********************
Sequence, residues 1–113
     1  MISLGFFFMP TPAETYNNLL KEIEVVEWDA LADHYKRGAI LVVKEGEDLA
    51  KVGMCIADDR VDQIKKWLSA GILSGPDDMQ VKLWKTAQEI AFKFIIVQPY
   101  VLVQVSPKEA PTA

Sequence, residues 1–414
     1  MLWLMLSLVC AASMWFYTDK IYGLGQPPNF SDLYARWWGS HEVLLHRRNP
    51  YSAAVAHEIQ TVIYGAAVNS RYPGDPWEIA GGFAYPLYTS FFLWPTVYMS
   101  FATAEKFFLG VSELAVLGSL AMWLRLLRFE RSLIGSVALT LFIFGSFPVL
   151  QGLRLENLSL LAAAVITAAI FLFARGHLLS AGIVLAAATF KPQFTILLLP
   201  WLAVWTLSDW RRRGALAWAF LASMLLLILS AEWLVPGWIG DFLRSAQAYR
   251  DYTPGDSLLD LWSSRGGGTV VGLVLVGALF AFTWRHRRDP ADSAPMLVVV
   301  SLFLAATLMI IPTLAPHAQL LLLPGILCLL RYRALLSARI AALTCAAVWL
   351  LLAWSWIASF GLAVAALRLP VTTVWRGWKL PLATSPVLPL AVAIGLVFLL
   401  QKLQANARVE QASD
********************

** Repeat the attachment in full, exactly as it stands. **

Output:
Sequence, residues 1–113
     1  MISLGFFFMP TPAETYNNLL KEIEVVEWDA LADHYKRGAI LVVKEGEDLA
    51  KVGMCIADDR VDQIKKWLSA GILSGPDDMQ VKLWKTAQEI AFKFIIVQPY
   101  VLVQVSPKEA PTA

Sequence, residues 1–414
     1  MLWLMLSLVC AASMWFYTDK IYGLGQPPNF SDLYARWWGS HEVLLHRRNP
    51  YSAAVAHEIQ TVIYGAAVNS RYPGDPWEIA GGFAYPLYTS FFLWPTVYMS
   101  FATAEKFFLG VSELAVLGSL AMWLRLLRFE RSLIGSVALT LFIFGSFPVL
   151  QGLRLENLSL LAAAVITAAI FLFARGHLLS AGIVLAAATF KPQFTILLLP
   201  WLAVWTLSDW RRRGALAWAF LASMLLLILS AEWLVPGWIG DFLRSAQAYR
   251  DYTPGDSLLD LWSSRGGGTV VGLVLVGALF AFTWRHRRDP ADSAPMLVVV
   301  SLFLAATLMI IPTLAPHAQL LLLPGILCLL RYRALLSARI AALTCAAVWL
   351  LLAWSWIASF GLAVAALRLP VTTVWRGWKL PLATSPVLPL AVAIGLVFLL
   401  QKLQANARVE QASD